c2083cc7005592664f290b055c2acf5a55fb5b0a — Ben Fiedler 3 months ago d879930
Draft prefers-color-scheme
1 files changed, 74 insertions(+), 0 deletions(-)

A content/blog/css-prefers-color-scheme.md
A content/blog/css-prefers-color-scheme.md => content/blog/css-prefers-color-scheme.md +74 -0
@@ 0,0 1,74 @@
title: "CSS: prefers-color-scheme"
date: 2021-01-27T14:03:40+01:00
draft: true
tags: [web, short-and-sweet]

When developing tools that interface with user's in a visual sense, I believe it
is important to cater to the user's wants (and needs) as much as possible,
whilst retaining a recognizable product identity. Probably the brightest
decision in this regard is the background color: light or dark?

Specifically regarding webpages, a variety of solutions have been developed:
JavaScript triggers, cookie-based theming, user stylesheets and time-based theming. All of these solution falls short in one important aspect: they do not
cover 100% of a user's interaction with a site. The first two solutions have no
safe default - they may always show the user the "wrong" theme first, and
require active engagement to fix, which is a burden on the user. User
stylesheets do work on first visit, however one often has to deal with broken
sites, since they were not designed for theming.  Finally, time-based theming is
silly in its own right[^1].

# The solution

In 2017, the [CSS Media Queries Level 5](https://www.w3.org/TR/mediaqueries-5/)
specification was released, and it proposes the best solution to date: a media
query named `prefers-color-scheme`. It is set by your browser, and can be set to
either `light` or `dark` - more values may be supported in the future. Instead
of requiring a user to interact with _each_ site they visit, the decision is
only made once at the browser, and can be applied to every site, even on the
first visit! And it is supported by [all major desktop and mobile
browsers](https://caniuse.com/prefers-color-scheme), simply marvelous.

Using this feature is as simple as adding a media query to your styling. Using
[CSS custom properties](https://www.w3.org/TR/css-variables/) ("variables"), all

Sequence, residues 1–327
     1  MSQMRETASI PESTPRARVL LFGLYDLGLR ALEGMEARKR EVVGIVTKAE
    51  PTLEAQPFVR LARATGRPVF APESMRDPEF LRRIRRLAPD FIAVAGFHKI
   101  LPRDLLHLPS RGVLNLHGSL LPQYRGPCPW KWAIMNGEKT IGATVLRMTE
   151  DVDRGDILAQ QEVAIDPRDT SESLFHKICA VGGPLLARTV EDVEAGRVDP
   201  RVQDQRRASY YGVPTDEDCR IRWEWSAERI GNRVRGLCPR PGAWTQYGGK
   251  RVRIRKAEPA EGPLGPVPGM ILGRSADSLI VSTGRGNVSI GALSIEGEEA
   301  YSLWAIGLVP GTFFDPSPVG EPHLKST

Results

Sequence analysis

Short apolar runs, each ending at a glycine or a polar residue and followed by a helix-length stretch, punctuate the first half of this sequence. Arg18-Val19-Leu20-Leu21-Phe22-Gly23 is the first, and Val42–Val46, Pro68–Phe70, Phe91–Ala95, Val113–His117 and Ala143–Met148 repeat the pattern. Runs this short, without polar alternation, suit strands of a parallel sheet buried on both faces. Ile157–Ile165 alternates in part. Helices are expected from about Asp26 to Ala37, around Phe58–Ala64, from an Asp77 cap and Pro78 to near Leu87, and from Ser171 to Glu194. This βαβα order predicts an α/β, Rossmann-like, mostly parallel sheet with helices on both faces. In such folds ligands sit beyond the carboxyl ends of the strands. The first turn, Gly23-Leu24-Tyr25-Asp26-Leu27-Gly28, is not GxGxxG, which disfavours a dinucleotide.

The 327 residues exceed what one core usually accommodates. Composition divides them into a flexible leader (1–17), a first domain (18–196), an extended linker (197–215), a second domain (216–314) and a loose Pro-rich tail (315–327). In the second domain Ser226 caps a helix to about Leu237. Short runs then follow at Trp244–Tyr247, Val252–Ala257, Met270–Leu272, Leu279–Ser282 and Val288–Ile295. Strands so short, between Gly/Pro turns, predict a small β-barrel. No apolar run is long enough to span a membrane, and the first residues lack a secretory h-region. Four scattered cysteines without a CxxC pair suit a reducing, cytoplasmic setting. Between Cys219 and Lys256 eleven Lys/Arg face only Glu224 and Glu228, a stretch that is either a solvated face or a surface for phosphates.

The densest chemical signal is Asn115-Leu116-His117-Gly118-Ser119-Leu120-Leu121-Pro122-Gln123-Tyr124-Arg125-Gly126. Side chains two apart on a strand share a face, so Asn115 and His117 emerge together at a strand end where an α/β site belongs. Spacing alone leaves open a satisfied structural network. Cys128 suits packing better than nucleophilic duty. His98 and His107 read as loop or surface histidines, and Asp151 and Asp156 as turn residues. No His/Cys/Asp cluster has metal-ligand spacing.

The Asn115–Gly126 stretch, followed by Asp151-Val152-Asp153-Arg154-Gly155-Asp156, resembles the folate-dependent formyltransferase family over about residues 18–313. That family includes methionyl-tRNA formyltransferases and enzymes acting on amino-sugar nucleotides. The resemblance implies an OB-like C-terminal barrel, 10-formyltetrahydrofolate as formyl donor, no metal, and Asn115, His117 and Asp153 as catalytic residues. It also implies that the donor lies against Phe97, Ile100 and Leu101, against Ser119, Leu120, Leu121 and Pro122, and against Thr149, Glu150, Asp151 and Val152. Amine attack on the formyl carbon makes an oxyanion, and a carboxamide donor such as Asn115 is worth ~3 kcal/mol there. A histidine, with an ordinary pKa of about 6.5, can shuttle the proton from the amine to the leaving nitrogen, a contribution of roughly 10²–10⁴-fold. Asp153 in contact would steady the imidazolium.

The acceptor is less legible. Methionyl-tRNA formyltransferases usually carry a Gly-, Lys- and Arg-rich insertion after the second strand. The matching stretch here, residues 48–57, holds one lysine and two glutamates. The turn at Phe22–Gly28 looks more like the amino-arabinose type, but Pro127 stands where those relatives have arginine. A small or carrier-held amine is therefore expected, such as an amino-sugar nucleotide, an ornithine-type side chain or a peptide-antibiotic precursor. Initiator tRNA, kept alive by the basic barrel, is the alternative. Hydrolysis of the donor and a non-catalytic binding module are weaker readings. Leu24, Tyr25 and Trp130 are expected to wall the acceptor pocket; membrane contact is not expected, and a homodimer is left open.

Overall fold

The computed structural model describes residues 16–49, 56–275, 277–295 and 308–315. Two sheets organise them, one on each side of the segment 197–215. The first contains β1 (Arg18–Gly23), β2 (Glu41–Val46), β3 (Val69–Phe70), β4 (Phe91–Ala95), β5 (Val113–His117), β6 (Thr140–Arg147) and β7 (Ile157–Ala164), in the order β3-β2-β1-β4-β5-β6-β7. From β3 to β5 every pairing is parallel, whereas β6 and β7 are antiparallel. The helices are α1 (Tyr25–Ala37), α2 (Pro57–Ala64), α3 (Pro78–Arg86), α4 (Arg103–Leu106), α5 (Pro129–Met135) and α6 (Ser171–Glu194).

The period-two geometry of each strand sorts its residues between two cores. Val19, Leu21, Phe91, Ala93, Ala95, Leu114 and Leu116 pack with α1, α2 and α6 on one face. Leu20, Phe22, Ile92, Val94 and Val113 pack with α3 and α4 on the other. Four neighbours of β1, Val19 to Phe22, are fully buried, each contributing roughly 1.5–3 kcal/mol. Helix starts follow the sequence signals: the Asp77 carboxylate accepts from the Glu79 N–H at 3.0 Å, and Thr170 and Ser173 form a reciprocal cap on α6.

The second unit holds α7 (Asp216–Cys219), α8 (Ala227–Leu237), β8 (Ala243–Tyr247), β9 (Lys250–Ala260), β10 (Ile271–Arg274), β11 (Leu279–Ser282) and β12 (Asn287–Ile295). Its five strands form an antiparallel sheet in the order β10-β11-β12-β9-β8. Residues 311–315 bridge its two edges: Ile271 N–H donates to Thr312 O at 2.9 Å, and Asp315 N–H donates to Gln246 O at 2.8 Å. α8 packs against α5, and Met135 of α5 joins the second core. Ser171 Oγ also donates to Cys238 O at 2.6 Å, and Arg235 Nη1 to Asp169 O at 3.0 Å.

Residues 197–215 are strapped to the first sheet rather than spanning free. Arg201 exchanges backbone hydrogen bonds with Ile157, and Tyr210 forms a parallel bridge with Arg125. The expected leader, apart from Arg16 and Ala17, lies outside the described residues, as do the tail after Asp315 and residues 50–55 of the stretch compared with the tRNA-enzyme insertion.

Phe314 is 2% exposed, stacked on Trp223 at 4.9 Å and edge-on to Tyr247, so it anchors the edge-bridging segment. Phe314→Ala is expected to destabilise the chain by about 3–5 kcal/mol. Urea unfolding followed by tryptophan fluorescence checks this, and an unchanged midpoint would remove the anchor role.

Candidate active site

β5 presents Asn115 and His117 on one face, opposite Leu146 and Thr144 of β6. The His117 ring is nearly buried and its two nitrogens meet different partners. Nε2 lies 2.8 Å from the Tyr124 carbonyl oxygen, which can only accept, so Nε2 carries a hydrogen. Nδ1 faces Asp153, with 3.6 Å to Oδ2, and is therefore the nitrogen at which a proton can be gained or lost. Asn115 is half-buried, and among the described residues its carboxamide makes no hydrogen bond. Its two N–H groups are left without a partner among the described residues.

you need to do is define the appropriate colors and you're good to go.

@media (prefers-color-scheme: light) {
    // light styling (default, or user has no preferencce)

@media (prefers-color-scheme: dark) {
    // dark styling

# Trying it out

This website fully supports theme selection based `prefers-color-scheme`, try it
out! It even inverts images[^2] to perfectly match your preferred style, a
feature I'm very proud of, even if it is virtually invisible (since almost
nobody looks at both styles).

On desktop browsers you can test it using the developer tools
[Safari](https://webkit.org/blog/8840/dark-mode-support-in-webkit/)). On mobile,
modern smartphones (both iOS and Android) set your preferred color scheme based
on the system theme, so changing that should also change the appearance of this

Sadly, many of the sites I interact with daily do not support
`prefers-color-scheme`. Especially people who rarely do frontend work (such as
myself) may not know of this feature, and I hope to raise awareness for
user-friendly theme support.

If you have a personal blog, product or company website or any other side,
consider adding support for `prefers-color-scheme` to your theme. Even though it
has no impact on the majority of people, we ultimately design our products to
be as user-friendly as possible. Right?

[^1]: Bonus question: server time or client time? One is inaccurate for large parts
  of your visitors, the other one requires JavaScript.
[^2]: when it makes sense, so photos for example are left as-is